emotions

Separating Truth from Emotion

Anger is cruel, and fury is overwhelming,

but who can survive jealousy?

Open criticism is better than unexpressed love.

Wounds made by a friend are intended to help,

but an enemy’s kisses are too much to bear. (Proverbs 27:4-6 GW)

(Context—Proverbs 27:1-16 GW)


It can be hard to separate truth from emotion—whether it’s the emotion of the speaker of truth or the emotion of the hearer. Our human tendency is to react rather than listen and consider what we hear before responding.

Too often, we allow our emotions to drive us but emotions cloud and even corrupt how we hear or say things. And so, the meaning or intention of what’s said is obscured or filtered through the emotions of the speaker or the hearer or both.

The ability to separate emotion from words of truth is a valuable quality. Discernment and discretion are needed to gain this ability. The intention of the book of Proverbs, as made clear in the beginning (Prov 1:1-7), is to help a person gain this ability.

Strong emotions

The first verse of these selected verses in Chapter 27 gives us a sense for why emotions cloud our understanding of what is said by others. Words spoken in anger have an intent to hurt, put down, or belittle a person. The phrase—lashed out in anger—describes the cruel intent of words spoken in anger—like the snap of a whip burning or slicing the skin.

Fury is out of control anger—unrestrained like a flood of water or a raging fire. But jealousy is an irrational and untamed emotion. A combination of hate and love. It’s destructive. This brings the question—who can survive jealousy?

It destroys any relationship with its impact on both the jealous person and the one who’s the focus of the jealousy. As one person put it—jealousy [is] jaundice of the soul. Jealousy is like a disease with trust and truth its only cure.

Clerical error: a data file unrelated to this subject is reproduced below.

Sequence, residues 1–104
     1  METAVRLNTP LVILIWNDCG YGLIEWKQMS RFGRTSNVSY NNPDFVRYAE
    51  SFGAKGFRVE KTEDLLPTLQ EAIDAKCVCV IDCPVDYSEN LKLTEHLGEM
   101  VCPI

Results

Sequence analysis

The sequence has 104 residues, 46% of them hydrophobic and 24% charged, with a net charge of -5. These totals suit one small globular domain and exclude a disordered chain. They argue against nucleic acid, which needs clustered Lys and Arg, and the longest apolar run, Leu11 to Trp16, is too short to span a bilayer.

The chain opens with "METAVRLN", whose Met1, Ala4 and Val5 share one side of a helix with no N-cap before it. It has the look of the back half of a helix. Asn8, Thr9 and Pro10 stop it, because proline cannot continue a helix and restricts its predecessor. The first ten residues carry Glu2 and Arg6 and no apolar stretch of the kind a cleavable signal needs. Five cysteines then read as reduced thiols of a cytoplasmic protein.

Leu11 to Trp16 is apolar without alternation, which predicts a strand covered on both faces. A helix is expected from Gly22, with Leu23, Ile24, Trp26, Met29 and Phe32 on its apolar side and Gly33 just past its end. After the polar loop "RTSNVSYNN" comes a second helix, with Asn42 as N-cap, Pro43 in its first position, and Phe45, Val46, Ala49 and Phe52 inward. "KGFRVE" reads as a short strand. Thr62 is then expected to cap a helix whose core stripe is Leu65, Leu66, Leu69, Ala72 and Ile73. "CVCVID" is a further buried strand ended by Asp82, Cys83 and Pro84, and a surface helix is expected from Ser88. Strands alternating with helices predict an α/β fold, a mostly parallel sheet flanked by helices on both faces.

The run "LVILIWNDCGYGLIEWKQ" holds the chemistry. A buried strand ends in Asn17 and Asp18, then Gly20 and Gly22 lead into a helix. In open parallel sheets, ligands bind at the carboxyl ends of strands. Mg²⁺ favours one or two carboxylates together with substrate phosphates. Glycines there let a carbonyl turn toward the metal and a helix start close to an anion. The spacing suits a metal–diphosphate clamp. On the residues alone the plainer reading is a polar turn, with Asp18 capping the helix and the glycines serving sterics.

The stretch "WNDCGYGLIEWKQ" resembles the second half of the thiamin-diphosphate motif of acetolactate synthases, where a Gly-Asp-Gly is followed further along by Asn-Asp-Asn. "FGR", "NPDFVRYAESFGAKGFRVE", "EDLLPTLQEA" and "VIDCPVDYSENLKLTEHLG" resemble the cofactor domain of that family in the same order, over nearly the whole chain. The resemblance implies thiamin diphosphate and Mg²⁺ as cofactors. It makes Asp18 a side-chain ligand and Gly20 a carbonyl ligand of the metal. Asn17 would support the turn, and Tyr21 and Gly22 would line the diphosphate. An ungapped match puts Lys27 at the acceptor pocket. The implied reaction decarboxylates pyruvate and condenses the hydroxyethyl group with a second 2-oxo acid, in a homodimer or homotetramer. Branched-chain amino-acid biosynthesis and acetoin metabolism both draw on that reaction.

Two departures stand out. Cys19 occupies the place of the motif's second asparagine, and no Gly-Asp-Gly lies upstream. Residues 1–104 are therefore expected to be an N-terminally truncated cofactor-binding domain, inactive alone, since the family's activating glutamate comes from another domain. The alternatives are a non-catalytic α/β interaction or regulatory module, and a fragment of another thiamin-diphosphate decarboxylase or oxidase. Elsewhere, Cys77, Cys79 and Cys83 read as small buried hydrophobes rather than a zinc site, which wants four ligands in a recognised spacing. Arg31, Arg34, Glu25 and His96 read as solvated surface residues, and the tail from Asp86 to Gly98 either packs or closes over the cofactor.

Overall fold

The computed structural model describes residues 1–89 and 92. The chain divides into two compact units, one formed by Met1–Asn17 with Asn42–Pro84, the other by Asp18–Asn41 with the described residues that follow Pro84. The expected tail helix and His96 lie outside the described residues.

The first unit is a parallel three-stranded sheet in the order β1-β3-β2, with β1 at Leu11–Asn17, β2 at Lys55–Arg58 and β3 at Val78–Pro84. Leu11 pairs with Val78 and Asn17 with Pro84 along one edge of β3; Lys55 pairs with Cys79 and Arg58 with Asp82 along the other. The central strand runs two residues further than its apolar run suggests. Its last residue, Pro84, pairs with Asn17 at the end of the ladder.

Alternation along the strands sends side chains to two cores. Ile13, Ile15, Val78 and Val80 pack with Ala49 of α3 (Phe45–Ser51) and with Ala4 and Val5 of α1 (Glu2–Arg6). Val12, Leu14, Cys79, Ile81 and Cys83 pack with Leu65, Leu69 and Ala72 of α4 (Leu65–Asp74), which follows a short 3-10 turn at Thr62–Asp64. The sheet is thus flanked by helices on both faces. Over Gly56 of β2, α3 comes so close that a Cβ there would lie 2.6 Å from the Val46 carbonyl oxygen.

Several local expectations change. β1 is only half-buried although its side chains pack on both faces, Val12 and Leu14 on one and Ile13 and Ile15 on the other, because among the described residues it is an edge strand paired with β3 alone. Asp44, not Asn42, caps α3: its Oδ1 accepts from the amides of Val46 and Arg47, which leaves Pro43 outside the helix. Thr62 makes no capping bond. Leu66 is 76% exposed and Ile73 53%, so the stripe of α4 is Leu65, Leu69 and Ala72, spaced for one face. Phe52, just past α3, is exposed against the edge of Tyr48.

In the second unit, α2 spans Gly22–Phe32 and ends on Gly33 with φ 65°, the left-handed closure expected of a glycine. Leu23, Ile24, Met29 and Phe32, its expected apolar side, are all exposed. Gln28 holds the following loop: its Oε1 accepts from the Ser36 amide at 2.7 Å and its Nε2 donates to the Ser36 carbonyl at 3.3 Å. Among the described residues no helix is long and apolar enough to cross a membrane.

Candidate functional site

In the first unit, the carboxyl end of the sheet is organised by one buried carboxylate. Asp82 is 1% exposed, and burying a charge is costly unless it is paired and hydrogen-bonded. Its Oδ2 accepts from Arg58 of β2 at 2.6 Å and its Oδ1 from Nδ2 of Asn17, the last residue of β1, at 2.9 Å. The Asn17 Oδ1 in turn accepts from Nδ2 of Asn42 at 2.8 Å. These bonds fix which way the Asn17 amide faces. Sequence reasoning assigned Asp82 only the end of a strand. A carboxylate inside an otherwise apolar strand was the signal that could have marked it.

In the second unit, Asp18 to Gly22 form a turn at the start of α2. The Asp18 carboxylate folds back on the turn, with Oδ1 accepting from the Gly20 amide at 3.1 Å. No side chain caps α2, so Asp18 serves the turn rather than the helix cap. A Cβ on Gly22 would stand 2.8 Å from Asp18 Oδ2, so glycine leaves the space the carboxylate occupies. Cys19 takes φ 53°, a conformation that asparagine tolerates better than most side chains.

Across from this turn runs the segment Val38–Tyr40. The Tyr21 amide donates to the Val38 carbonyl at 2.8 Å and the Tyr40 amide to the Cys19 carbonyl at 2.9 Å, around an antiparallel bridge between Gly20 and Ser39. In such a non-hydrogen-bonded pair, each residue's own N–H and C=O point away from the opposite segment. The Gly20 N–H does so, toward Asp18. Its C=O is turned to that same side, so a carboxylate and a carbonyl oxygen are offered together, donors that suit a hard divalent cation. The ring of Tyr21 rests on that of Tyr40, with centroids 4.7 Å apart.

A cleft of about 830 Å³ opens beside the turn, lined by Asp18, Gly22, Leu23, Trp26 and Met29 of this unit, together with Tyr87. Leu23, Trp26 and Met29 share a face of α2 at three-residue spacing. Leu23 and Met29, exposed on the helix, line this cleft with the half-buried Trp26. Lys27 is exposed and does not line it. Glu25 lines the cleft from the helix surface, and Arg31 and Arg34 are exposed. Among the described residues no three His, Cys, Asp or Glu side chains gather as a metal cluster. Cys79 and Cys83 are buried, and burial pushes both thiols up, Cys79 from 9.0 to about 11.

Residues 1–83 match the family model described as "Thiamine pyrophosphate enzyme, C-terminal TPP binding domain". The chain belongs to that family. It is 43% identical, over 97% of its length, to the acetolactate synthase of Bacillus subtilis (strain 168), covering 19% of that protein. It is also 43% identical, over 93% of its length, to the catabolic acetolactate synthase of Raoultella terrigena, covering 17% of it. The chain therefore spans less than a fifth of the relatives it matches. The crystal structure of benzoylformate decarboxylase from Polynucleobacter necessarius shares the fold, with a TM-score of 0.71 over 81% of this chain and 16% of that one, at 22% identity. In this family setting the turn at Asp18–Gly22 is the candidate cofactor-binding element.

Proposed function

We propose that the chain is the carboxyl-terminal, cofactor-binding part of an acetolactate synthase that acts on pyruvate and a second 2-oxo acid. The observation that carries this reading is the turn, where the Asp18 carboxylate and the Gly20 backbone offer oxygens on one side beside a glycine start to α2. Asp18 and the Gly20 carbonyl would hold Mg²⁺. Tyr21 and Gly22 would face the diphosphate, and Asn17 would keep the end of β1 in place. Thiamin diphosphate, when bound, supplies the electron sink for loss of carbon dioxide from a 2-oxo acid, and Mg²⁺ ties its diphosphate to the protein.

Understanding the impact and power emotion has on words spoken and heard helps give insight for the other two verses—5-6.

You might wonder—How can open criticism be better than expressed love? One simple observation is the former is known while the latter is hidden. But it’s deeper than that. Love is left unexpressed because of fear or indifference. There may be other reasons for love to remain unexpressed but it’s still an unknown truth.

Criticism—even when it comes across in a harsh manner—is more or less an observation. As a pastor, I’ve heard plenty of criticism over the years. It goes with the work and position. When said, it was often not intended to be beneficial nor expressed in a constructive way. But it was expressed.

Learning to separate truth from emotion

I had to learn to hear it in an objective way. As the expression goes—chew the meat and spit out the bones. It’s hard to extract the truth from criticism or a rebuke or a reprimand unless it’s detached from emotions.

In other words, although hard to do, don’t take it all to heart. If we can learn from criticism and correction, we’ll gain insight and wisdom. If we can’t, we lose an opportunity to grow beyond our self—beyond self-focus, selfishness, self-pity and so on.

This is especially true when it comes from someone close to us—Wounds made by a friend are intended to help.

The last two phrases of the third verse brings Jesus to mind for me. Reading through the gospels it’s hard not to notice Jesus used some strong words with His followers. They get rebuked and reprimanded for spiritual dullness (Matt 15:16) and for missing the point—the greater concern (Matt 16:8-12; Mark 10:13-16).

Jesus can also relate to the second half of the last verse. He was betrayed with a kiss by one of His followers (Judas). Betrayal is similar to jealousy because it’s insidious. It’s indefensible. Not only is betrayal cowardly, a person can’t defend them self or prevent it because it’s secretive and underhanded.

Except Jesus. Jesus knew He would be betrayed and knew His betrayer. He even washed His betrayer’s feet the night He was betrayed. Once again, Jesus shows us He can relate to everything we experience in this life—even flattery and betrayal.

It’s a valuable ability to separate truth from emotion just as Jesus did.

Reflection—

It’s a valuable ability to separate truth from emotion. We need wisdom, self-control, discernment, and discretion not to be ruled by our emotions or someone else’s. The wisdom of Proverbs can be helpful and valuable to gain these qualities and gain this valuable ability.

Prayer Focus—

When you find it difficult to hear criticism or correction, ask God to help you sift through what is said without your emotions or the other person’s emotions clouding what may be helpful insights. Remember, the Lord knows what it’s like to be criticized and betrayed. Trust in Him.

©Word-Strong_2019


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Keep the Floodgate Closed

Whoever forgives an offense seeks love,

but whoever keeps bringing up the issue separates the closest of friends.

Starting a quarrel is ⌊like⌋ opening a floodgate,